Director Damien Leone Thinks Terrifier's Key Is That It's Never Tongue In Cheek

It's been wild to see the "Terrifier" film series branch out beyond the horror crowd in 2022. The destructive bloody rampage of Art the Clown (David Howard Thornton) has been going strong since 2008 with director Damien Leone's short film "The 9th Circle," along with the 2013 horror anthology film "All Hallows' Eve." But once the bodily-spewing headlines of "Terrifier 2" made the rounds, it piqued the curiosity of folks who would have otherwise never seen Leone's gory horror creation.

Art is still a ways off from being a household name like Jason Voorhees or Freddy Krueger, but if he keeps up the pace going into "Terrifier 3," the pantomime slasher stands a good chance of standing alongside them some day. What separates Art from the rest of the pack is his shtick. Imagine if a classic silent movie comedian dressed up in the most terrifying clown makeup imaginable and then started brutalizing unfortunate victims in ways you never thought possible.

But silent film wasn't the main inspiration for Art the Clown. When you look at the short form work Leone did before reaching this iteration of Art, it's clear that he holds a great reverence for a bygone era of exploitation filmmaking. In a 2018 interview with Dread Central, Leone has said that he's "a fan of so many different types of movies, not just horror movies, and the seventies is by far my favorite decade of film." It shows in his work.

The first "Terrifier" was largely a makeup effects demonstration, with Art as the demented cheerleader. People are flayed with little to no mercy. For better or worse, that's one of the reasons why the film series really stands out as a true throwback.

Leone wanted to make a true Grindhouse flick

When it came to "Terrifier," Leone knew that if he wanted to make an ode to the Grindhouse era, it would have to come from a place of sincerity. He explained to Dread Central:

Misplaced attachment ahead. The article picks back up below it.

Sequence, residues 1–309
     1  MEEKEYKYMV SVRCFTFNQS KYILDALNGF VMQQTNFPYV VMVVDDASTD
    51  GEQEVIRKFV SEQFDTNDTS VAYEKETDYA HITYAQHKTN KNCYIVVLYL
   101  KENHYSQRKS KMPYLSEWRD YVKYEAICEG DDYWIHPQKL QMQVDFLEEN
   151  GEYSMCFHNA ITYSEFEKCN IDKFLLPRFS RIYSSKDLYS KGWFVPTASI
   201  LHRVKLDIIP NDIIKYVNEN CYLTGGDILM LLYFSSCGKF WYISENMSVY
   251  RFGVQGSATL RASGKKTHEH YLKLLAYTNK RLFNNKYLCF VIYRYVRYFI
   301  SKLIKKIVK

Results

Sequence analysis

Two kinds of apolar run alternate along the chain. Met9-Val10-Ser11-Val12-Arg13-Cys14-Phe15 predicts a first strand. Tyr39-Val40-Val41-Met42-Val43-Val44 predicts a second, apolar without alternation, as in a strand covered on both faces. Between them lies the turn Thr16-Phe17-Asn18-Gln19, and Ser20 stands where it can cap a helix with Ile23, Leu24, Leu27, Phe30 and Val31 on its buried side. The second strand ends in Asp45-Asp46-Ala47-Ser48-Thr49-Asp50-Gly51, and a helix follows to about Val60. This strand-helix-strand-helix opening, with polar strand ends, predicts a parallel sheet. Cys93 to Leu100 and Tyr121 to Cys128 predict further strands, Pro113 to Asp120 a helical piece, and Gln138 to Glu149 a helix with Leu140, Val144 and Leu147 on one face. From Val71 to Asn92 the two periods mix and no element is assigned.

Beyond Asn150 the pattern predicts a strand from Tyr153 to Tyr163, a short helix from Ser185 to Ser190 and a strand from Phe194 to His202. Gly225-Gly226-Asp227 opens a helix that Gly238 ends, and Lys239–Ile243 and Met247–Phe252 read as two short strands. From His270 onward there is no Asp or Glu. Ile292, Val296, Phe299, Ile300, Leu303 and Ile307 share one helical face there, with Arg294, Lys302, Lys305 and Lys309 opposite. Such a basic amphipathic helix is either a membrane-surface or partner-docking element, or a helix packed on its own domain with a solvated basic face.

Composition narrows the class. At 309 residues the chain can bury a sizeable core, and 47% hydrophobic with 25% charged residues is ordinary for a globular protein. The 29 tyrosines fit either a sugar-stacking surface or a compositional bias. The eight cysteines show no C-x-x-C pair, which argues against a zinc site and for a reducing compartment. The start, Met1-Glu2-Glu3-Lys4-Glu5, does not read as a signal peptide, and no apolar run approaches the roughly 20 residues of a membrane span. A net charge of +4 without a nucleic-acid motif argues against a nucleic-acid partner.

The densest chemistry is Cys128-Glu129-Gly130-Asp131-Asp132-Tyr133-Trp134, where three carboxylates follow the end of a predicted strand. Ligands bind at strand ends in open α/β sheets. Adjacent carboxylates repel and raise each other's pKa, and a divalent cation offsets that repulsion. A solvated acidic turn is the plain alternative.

"You see a lot of people going out of their way to make a modern exploitation movie and they purposely make them corny. Those original grindhouse movies weren't purposely corny, the beauty of them is that they suffer from low budgets but they're trying their best to be a serious movie, it just becomes inadvertently comical. That's the charm of those movies."

Trying to make something bad or corny on purpose can backfire tremendously. There's little fun to be had in the Asylum knock-offs because they're purposely trying to capitalize on the next big movie with a "Let's do that, but purposefully worse" approach. "Sharknado" fell into this same trap.

Rather than trying to convince you that the movie wants to pay homage to a specific period of film history, the "Terrifier" films just up and do it. They are, by definition, grindhouse flicks in their purest form: uncut splatter films built upon the foundation of making you feel as if you've seen something you really shouldn't have.

If "Terrifier" wasn't released independently, there's a very high chance that its infamous hacksaw scene would have been significantly trimmed down, or excluded outright from the finished film. Whether you like these movies or not, the one thing you can't say about them is that they're holding back.

"Terrifier" is currently streaming on Screambox, The Roku Channel, and VUDU.